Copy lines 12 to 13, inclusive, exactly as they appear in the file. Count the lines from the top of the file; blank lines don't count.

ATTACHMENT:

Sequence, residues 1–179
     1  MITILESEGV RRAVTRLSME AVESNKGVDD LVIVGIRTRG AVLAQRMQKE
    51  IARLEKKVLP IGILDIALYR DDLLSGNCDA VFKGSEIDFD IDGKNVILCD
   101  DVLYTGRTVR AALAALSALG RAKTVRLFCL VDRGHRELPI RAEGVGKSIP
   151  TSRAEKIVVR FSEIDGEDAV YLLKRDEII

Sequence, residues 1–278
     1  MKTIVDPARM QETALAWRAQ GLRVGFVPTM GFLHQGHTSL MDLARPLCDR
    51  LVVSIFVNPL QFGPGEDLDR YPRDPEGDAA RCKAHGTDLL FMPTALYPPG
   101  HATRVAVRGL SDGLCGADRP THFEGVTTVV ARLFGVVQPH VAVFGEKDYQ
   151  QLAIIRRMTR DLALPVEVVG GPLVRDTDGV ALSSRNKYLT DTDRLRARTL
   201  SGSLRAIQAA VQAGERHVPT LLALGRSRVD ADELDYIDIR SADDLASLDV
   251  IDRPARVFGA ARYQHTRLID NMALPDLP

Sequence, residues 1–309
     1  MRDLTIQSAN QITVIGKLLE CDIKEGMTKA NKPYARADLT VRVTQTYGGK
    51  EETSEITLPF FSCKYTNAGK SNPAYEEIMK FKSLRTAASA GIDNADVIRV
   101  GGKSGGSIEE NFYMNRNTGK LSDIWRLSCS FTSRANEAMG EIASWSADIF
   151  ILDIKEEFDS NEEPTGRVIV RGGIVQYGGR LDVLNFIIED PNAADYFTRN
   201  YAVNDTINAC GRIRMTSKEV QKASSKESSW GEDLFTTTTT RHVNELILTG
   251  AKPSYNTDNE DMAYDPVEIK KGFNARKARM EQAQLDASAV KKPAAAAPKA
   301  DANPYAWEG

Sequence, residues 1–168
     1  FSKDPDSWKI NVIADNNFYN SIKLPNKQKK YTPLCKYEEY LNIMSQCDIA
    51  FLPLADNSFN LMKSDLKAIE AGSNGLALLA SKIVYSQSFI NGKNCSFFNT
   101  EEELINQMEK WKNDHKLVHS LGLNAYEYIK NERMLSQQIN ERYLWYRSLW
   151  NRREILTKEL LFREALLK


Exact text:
   251  IDRPARVFGA ARYQHTRLID NMALPDLP

Sequence, residues 1–309